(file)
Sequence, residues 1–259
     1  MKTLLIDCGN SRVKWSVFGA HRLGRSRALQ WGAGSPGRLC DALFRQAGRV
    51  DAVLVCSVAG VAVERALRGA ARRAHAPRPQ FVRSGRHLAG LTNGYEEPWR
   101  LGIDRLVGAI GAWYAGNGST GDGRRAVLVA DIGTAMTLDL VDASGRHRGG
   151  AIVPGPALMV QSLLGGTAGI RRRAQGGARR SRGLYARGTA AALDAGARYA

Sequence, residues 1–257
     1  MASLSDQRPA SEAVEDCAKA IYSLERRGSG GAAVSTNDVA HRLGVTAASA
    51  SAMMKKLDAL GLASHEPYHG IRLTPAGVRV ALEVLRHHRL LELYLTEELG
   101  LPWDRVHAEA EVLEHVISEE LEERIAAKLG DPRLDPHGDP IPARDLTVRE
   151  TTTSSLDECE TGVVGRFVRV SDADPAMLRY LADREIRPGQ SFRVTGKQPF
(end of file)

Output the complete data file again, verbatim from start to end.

Sequence, residues 1–259
     1  MKTLLIDCGN SRVKWSVFGA HRLGRSRALQ WGAGSPGRLC DALFRQAGRV
    51  DAVLVCSVAG VAVERALRGA ARRAHAPRPQ FVRSGRHLAG LTNGYEEPWR
   101  LGIDRLVGAI GAWYAGNGST GDGRRAVLVA DIGTAMTLDL VDASGRHRGG
   151  AIVPGPALMV QSLLGGTAGI RRRAQGGARR SRGLYARGTA AALDAGARYA

Sequence, residues 1–257
     1  MASLSDQRPA SEAVEDCAKA IYSLERRGSG GAAVSTNDVA HRLGVTAASA
    51  SAMMKKLDAL GLASHEPYHG IRLTPAGVRV ALEVLRHHRL LELYLTEELG
   101  LPWDRVHAEA EVLEHVISEE LEERIAAKLG DPRLDPHGDP IPARDLTVRE
   151  TTTSSLDECE TGVVGRFVRV SDADPAMLRY LADREIRPGQ SFRVTGKQPF